By Sam Hananel ASSOCIATED PRESS
Labor’s high hopes for major gains under President Obama and a Democratic Congress have dimmed, raising fresh doubts about union leverage even in the best of political times.
Prospects for a health overhaul have faded. Even slimmer are the chances of achieving labor’s chief goal, passage of a bill making it easier for unions to organize workers. A bipartisan jobs bill passed this week by the Senate drew tepid praise from the AFL-CIO president, Richard Trumka, who called it a “Band-Aid on an amputated limb” – far short of what unions wanted.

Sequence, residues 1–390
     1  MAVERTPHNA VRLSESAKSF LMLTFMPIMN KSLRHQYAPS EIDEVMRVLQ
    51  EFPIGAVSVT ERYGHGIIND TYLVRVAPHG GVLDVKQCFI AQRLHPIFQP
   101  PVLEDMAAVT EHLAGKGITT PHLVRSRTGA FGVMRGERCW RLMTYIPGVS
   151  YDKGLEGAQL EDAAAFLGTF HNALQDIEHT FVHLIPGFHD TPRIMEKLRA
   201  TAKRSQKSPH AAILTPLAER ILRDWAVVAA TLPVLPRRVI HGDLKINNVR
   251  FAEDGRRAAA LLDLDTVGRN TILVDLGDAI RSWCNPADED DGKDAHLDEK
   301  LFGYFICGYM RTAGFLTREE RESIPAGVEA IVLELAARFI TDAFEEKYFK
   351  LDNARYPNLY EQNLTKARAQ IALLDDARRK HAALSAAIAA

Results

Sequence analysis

This wasn’t what unions expected a year ago after spending more than $400 million to help elect Mr. Obama and increase the size of Democratic majorities in the Senate and House.
Leaders of labor’s largest federation will try to figure out how to refocus their political agenda when they begin their annual meeting in Orlando, Fla., on Monday.
Another setback came in January when two Senate Democrats joined Republicans in blocking the appointment of labor lawyer Craig Becker to the National Labor Relations Board. Mr. Becker has worked for the AFL-CIO and Service Employees International Union (SEIU).
Republicans have said they fear Mr. Becker would push the board to require companies to recognize unions if they can get a simple majority of employees to sign union cards – the same “card check” measure that’s stalled in Congress.
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